Patching is absolutely critical, and not just for Windows. Linux, enterprise software applications, security appliances, etc. all need to be updated routinely. In addition, they must be a current release so that they can receive updates. (For example, Windows 7 and Windows 2008 R2 — and earlier versions — are no longer supported. Any server running them is, by default, not being patched.)

Lastly, organizations often place too much trust in their patching tool or process. A patching tool or process should never be trusted. Patching needs to be closely monitored and frequently audited both internally and externally.

4. Ensure Critical Domain Security Settings Are in Place.

A number of security settings should be in place in your environment to secure your environment. Many of them will be platform- and application-specific. However, we have found several core security settings for Active Directory domains that are set insecurely at nearly every client impacted by a critical malware infection.

You should absolutely have a comprehensive security compliance program. And you should work through all the compliance violations in your environment. But we recommend that these come first on the list. If they’re not correct, it is only a manner of time before a compromise. For specifics, see additional details below.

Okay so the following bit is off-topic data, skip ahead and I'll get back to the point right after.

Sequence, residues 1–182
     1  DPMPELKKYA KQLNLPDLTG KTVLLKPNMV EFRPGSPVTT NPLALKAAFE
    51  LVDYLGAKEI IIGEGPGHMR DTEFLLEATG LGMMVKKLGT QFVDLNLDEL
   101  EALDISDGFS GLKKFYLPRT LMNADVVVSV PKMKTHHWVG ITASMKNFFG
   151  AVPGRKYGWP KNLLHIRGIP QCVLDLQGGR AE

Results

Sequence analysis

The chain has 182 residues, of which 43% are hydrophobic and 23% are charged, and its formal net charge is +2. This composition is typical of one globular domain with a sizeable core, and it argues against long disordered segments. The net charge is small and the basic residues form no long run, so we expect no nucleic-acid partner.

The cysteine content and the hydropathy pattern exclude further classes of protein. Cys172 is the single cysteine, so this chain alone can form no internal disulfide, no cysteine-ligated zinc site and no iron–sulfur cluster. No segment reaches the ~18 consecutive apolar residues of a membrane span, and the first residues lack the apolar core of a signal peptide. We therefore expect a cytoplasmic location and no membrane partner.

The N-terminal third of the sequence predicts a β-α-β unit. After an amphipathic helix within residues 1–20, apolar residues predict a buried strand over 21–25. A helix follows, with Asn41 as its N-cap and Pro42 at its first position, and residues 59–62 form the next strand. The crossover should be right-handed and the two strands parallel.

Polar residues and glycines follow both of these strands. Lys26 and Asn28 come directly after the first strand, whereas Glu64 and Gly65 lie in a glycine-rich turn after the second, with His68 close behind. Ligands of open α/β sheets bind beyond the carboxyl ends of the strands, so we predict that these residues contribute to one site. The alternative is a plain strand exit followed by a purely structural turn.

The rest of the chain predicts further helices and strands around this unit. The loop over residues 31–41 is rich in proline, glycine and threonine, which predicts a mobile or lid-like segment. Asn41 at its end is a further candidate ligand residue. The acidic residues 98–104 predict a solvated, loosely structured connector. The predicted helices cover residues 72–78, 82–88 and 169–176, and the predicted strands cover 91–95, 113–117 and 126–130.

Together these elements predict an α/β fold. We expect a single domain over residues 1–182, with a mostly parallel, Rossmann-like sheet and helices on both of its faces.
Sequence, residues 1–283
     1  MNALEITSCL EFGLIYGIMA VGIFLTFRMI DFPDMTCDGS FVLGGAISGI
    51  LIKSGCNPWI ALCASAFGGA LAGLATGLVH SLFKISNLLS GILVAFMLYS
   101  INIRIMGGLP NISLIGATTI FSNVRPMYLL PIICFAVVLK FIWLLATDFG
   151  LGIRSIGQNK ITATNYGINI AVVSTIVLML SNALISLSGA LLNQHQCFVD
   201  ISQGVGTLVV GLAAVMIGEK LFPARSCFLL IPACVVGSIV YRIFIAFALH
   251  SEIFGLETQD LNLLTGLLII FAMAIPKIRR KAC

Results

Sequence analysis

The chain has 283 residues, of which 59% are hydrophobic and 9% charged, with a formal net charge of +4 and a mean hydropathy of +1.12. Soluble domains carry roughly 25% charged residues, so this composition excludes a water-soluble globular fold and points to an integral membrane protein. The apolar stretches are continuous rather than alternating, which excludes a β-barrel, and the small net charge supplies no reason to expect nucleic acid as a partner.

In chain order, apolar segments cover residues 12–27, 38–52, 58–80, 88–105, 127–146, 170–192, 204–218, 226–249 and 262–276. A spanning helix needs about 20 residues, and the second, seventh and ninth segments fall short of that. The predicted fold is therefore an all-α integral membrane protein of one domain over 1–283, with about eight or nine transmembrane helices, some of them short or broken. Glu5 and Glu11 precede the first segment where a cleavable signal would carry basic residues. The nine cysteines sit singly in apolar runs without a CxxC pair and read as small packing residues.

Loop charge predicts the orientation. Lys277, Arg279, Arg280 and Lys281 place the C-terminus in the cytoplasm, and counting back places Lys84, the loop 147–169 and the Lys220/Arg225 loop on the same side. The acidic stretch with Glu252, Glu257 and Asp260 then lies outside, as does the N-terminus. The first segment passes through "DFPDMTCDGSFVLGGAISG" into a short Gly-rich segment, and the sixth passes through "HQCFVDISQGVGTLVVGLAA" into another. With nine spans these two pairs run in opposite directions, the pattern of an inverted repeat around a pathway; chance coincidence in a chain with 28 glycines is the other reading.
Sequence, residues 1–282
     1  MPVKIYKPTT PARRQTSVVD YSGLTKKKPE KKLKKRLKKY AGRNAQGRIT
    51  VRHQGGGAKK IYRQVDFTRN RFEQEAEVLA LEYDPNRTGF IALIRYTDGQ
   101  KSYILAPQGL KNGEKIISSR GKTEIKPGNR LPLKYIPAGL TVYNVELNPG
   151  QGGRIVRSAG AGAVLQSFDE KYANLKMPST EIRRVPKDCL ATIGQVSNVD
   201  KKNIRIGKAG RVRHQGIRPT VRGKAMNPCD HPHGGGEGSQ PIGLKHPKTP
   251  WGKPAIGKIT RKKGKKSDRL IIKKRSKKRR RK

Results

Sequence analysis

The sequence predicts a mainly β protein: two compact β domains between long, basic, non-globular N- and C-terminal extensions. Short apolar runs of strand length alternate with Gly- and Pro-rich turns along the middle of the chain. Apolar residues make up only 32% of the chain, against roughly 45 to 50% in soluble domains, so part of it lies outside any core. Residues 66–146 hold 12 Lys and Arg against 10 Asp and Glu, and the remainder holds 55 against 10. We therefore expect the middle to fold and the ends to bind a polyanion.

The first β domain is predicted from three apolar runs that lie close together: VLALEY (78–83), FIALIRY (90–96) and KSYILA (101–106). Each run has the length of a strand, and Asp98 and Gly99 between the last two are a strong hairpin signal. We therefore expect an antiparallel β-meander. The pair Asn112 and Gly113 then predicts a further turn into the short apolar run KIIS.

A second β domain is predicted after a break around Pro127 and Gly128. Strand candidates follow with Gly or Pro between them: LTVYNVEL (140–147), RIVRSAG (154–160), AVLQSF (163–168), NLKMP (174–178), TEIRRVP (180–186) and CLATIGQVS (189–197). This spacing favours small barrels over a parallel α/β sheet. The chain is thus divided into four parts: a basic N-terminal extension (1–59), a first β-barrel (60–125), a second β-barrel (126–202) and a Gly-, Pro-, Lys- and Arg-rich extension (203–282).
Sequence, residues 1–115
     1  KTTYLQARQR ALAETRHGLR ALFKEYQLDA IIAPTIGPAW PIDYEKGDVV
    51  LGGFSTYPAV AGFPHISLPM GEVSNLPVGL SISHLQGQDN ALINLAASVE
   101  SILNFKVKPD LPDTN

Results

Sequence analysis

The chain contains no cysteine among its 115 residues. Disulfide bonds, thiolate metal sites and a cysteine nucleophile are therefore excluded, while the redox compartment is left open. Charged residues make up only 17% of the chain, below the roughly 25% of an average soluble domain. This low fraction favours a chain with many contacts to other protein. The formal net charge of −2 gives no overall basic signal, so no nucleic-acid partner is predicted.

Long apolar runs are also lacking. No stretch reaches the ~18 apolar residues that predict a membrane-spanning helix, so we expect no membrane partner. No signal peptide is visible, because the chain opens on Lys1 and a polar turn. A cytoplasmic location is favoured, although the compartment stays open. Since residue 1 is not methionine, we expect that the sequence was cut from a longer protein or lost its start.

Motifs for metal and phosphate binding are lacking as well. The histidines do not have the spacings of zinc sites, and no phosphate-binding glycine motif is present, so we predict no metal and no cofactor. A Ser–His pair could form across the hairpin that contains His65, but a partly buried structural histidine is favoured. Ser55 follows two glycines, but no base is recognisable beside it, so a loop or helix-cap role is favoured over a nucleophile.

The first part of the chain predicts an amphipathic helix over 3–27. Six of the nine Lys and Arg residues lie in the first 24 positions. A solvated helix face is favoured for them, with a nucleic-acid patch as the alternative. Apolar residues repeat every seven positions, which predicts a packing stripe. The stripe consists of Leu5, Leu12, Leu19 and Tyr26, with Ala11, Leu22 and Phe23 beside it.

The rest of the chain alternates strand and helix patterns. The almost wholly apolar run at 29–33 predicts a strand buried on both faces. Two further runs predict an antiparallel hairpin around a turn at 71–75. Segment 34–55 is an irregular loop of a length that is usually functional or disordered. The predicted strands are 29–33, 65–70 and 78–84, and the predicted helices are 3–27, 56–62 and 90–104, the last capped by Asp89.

5. Ensure a Phishing Email Policy Is in Place, Test It and Give It Teeth.

Phishing is a major entry point for ransomware. To help prevent this, your security policies should include language and procedures related to phishing emails. We recommend including the following components:

An Education Program

Require yearly training for all employees to educate them about how to recognize and handle phishing emails so they will be more prepared.

Periodic Testing

Use a phishing test service that can spam all your employees with an email that looks legitimate and asks them to click a link and sign in. This will give your organization a performance benchmark. It will also give leadership and management the data they need to develop or refine a training strategy.


Include accountability in your phishing-related policies and communicate that via training, periodic reminders, and onboarding. For example, many companies require additional individual training for failed phishing tests and manager-supervised training for subsequent offenses. Some make a game out of phishing test results where the losing department needs to buy lunch for the winning department.

Other companies revoke network access after multiple phishing test failures and trainings. Recently, a financial institution we were working with removed access to email and the internet for a problem user and reverted to physical memos for that individual.